Reviewed by Robert Hugill on Feb 18 2017
Two contrasting violin concertos form the centrepiece of a fascinating programme
The Scottish Ensemble, artistic director Jonathan Morton, brought a diverse programme to the Wigmore Hall on Saturday 18 February 2017, centred on a pair of violin concertos played by Alina Ibragimova, Bach's Violin Concerto in E major, BWV1042 and Karl Amadeus Harmann's wartime masterpiece Concerto Funebre. The Scottish Ensemble played two of Mendelssohn's early string symphonies plus Arvo Pärt's Silouan's Song and Peteris Vasks' Viatore.
The Scottish Ensemble began each half with Mendelssohn, the three movement String Symphony No. 6 in E flat (from 1821 when Mendelssohn was 12), and No. 10 in B minor (from 1823). Though these are remarkable works for a teenager, once you have got over the composer's young age and spotted the influences, and traces of the mature Mendelssohn, the pieces very much rely on the performers to sell them. And this the Scottish Ensemble did, playing with vivid presence, great engagement and liveliness.
The contrast with Pärt's Silouan's Song, which followed in the first half, could not have been greater. Made from a few simple building blocks and a great deal of silence, the piece received a performance which was very intent even in the passages which were barely there. And the quality of the group's silences was amazing.
The first half finished with Karl Amadeus Hartmann's Concerto Funebre, written originally in 1939 and revised in 1959. The work presents an elegiac lament which is anything but understated. Alina Ibragimova, playing from memory gave a stunningly committed performance. Fearless in the more virtuoso passages, yet always profoundly intense, a highly speaking reading which made the soloist's dialogues with the orchestra something visceral.
Describing the work as an elegiac lament could make it seem reticent and elegantly melancholy, but this was anything but. The Scottish Ensemble matched Ibragimova's sense of vivid presence, to create a stunningly intent performance. Particularly notable was the final Choral, starting slow and intense and developing into something really passionate, it was a shame that the over-abbreviated programme note omitted to inform us that this was based on a funeral march for the victims of the Russian revolution. The ending fined down to almost nothing, followed by just one terrible chord.
After Mendelssohn's String Symphony No. 10 to open the second half, the Scottish Ensemble played Peteris Vasks' Viatore. The piece tells the story of wanderer whose journeying is illuminated by the starry universe. Vasks constructs the piece from two 'sound images' which alternate, the one (the universe) remaining constant the other (the traveller) growing and developing. So the piece opened with a high, aetherial passage, with a descending figure emerging and leading to a strikingly expressive phrase on cellos and double basses only. As the piece progressed the high aetherial phrase remained constant, but the descending phrase led to a constantly developing expressive phrase which gre from just cellos and basses to a very full passionate tutti. Roughly arch shaped (birth, life, death?), the piece ended almost as it began. The result was very intriguing with some magical textures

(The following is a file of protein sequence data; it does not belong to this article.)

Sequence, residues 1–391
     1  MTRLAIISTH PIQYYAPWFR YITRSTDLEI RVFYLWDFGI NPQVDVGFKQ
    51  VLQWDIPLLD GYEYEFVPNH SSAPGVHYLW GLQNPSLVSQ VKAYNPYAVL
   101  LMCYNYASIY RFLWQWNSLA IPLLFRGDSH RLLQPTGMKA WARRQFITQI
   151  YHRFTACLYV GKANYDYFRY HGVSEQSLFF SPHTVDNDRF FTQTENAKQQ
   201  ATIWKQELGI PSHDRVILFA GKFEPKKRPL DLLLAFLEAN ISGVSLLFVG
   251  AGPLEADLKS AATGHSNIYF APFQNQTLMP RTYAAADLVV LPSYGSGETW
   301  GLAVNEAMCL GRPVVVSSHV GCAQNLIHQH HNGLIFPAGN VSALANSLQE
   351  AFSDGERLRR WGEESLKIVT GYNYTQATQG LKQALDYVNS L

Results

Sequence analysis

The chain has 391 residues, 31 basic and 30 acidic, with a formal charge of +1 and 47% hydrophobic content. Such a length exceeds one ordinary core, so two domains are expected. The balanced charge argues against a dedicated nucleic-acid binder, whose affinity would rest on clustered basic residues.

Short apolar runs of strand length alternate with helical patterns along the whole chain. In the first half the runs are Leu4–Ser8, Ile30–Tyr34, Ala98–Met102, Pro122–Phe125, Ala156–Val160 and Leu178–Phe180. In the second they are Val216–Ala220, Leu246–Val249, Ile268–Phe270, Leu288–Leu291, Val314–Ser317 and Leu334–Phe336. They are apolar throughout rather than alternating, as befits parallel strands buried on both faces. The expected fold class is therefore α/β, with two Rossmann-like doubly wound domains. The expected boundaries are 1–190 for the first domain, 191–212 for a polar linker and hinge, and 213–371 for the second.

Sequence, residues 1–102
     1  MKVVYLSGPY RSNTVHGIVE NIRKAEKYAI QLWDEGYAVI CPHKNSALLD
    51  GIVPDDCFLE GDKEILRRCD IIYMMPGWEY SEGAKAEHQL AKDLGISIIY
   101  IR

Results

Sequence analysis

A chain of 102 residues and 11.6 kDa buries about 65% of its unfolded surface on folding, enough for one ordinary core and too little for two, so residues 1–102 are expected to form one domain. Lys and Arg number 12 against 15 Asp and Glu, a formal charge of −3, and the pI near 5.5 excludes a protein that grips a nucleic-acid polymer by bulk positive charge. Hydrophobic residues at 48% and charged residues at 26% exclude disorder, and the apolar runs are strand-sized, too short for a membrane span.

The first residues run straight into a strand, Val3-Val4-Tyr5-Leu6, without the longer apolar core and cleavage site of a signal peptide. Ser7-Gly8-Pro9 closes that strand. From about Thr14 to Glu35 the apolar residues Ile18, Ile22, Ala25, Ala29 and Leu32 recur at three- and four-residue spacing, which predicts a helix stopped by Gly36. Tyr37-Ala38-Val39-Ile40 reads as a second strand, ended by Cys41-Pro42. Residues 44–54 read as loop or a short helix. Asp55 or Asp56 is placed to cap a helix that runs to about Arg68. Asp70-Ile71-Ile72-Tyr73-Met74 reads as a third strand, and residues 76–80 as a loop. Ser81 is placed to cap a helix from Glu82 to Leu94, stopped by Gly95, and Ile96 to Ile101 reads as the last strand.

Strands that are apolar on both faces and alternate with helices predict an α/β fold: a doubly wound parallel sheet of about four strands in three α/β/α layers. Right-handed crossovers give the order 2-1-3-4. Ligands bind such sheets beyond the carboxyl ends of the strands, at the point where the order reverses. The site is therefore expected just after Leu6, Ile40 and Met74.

The concert ended with Bach's E minor violin concerto. Starting crisp, vibrant and very present, Ibragimova emerged from the ensemble strings without being over-spotlit. Fast fluid and very engaging, the performance was not entirely historically informed, but though in the first movement there was minimal vibrato and not too much in the way of Romantic gestures. In the second, the performance had great lyric beauty, though Ibragimova's interpretation here was quite Romantic at times but extremely lovely, and certainly not overly self-indulgent. The final movement was vibrant and full of energy, with some engaging solo moments particularly the way she tackled the sheaves of notes, and certainly some of her more vigorous passage-work was a long way from historically informed. This was a very personal and very engaging performance, not one I would want to live with on disc but it made a superb live musical experience.
Elsewhere on this blog:
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- I chat to Peter Dijkstra; conductor of the Netherlands Chamber Choir, about the choir's first UK appearance for 15 years - interview
- An immersive experience: Even You Song at Peterborough Cathedral - music theatre review
- The Food of Love: Settings of the Song of Songs from Ensemble Plus Ultra - concert review
- Farinelli - a Portrait: Ann Hallenberg, Christophe Rousset, Les Talens Lyriques - CD review
- A unique campus of the arts: A walk round Snape Maltings with Roger Wright - feature article
- Music among friends: Klangrede from Zafraan Ensemble & Titus Engel - CD review
- Queer Talk: Homosexuality in Britten's Britain at The Red House - Exhibition review
- Composition is a full on meeting with his Christianity:: I talk to composer Patrick Hawes about his new album Revelation - interview
- Taking them seriously: Gilbert and Sullivan's The Pirates of Penzance at English National Opera - opera review
- Energy and commmittment: Rebecca Miller and the Salomon Orchestra in Kodaly and Bartok - concert review
- O Sing Unto the Lord: Andrew Gant's engaging history of English church music - Book review
- Sui Generis: Karmana from Simon Thacker - CD review